“People’s return to the workforce has come to a halt,” said Brad McMillan, investment manager for the Commonwealth Financial Network, in a comment this week. “The biggest problem is not that growth has slowed; is that people are still afraid to go back to work.

Why are so many workers leaving?

Workers are quitting at or near record levels in nearly every industry tracked by the Bureau of Labor Statistics, since 2001. But the pains are most acute among low-wage workers, who economists say are revolting against years of bad wages and stressful conditions. . Many are now less willing to put up with inconvenient hours and low pay and are giving up at this point in the pandemic to find better opportunities elsewhere.

Almost 40% of workers who quit in August worked in restaurants and hotels. Resignations are also skyrocketing among manufacturing and warehouse workers, who are under pressure from growing demand and shrinking supply chains.

Some have taken to TikTok to voice their grievances, posting videos under the hashtag #QuitMyJob that often refer to toxic workplaces. A notable example came last fall, when Shana Blackwell broadcast her resignation from a Texas Walmart (over the store’s intercom), claiming she was being pushed to the brink by what she had. called the store’s “toxic, sexist and racist” environment. The video has racked up millions of views.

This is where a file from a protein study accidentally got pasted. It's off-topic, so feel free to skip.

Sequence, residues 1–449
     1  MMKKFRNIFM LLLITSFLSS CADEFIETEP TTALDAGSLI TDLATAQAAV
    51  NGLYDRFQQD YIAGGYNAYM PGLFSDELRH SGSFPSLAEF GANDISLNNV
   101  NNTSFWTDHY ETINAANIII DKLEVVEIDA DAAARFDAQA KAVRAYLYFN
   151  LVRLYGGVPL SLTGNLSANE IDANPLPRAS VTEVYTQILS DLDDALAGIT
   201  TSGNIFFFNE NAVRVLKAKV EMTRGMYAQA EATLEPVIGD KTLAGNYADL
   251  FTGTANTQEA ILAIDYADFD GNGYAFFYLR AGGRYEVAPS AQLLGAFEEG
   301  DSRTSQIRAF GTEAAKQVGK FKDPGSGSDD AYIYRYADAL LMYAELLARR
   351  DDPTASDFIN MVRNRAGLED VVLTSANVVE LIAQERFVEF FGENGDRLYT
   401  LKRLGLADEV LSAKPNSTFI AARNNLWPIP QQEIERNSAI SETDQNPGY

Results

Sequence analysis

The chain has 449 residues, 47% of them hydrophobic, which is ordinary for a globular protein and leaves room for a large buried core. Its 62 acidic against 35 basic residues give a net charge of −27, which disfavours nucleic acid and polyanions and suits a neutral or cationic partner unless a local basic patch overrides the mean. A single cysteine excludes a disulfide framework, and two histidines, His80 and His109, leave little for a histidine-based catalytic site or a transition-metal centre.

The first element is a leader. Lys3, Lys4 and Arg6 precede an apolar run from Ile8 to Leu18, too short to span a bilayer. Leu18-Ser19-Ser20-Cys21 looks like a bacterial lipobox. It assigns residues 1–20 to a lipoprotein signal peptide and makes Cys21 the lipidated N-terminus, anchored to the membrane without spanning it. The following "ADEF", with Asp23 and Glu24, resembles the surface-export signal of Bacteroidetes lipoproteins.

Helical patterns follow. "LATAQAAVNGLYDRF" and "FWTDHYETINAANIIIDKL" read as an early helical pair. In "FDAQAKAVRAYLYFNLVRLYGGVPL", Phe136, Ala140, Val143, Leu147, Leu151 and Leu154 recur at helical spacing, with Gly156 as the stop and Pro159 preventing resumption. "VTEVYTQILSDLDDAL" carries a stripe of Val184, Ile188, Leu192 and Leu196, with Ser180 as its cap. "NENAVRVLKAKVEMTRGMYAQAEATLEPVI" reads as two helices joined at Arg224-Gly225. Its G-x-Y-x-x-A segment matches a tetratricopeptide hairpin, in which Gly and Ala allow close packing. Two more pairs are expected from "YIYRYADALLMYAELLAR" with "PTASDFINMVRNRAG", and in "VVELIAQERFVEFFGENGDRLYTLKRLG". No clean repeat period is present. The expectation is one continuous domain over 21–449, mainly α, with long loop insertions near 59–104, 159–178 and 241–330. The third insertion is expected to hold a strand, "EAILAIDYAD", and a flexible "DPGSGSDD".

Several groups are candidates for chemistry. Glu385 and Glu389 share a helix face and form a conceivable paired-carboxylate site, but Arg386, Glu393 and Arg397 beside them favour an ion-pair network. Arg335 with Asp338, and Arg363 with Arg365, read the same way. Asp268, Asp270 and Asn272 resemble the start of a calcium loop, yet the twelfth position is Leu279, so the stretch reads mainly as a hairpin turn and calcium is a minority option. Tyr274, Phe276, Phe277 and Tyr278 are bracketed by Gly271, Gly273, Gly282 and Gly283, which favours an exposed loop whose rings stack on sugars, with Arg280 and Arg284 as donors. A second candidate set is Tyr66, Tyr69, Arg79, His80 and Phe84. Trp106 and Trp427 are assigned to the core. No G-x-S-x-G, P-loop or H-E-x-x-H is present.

Walmart told HuffPost it took Blackwell’s concerns seriously and took “corrective action” after his complaints were investigated, but declined to disclose whether disciplinary action had been taken.

Salaried workers are also at their wit’s end, tired of the tension between employer pressures to return to the office and the uncertainty surrounding vaccination mandates. Almost half of executives recently surveyed by the Society for Human Resource Management said their companies had experienced high turnover in the past six months.

Flexibility in when and where workers do their jobs now trumps pay as a concern for many workers, Grant Thornton’s recent survey of the state of work in America found, half of respondents saying they would forgo a salary increase for more flexibility. Burnout remains one of the main reasons employees seek other opportunities.